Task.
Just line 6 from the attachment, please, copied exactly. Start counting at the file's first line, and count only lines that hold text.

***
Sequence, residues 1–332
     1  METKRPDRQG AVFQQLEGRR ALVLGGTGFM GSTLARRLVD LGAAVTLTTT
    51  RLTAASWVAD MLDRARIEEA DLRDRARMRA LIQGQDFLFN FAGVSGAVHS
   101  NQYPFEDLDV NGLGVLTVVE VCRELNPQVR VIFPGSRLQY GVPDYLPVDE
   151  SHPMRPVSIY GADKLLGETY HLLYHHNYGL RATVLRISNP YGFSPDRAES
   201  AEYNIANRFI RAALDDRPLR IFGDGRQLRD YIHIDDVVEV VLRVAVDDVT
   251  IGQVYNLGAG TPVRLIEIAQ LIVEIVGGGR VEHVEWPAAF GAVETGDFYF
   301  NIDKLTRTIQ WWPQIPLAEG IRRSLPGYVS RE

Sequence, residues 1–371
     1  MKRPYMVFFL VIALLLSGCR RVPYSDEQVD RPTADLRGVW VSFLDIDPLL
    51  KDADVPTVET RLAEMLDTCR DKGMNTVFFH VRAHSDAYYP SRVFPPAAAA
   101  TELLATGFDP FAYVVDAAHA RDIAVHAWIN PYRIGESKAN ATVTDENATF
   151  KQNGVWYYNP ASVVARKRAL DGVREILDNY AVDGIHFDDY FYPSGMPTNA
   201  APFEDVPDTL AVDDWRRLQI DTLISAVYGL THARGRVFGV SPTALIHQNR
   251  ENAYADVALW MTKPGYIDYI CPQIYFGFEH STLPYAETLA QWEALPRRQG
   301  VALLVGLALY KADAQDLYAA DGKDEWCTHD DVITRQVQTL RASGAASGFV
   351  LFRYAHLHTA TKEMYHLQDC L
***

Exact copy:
   201  AEYNIANRFI RAALDDRPLR IFGDGRQLRD YIHIDDVVEV VLRVAVDDVT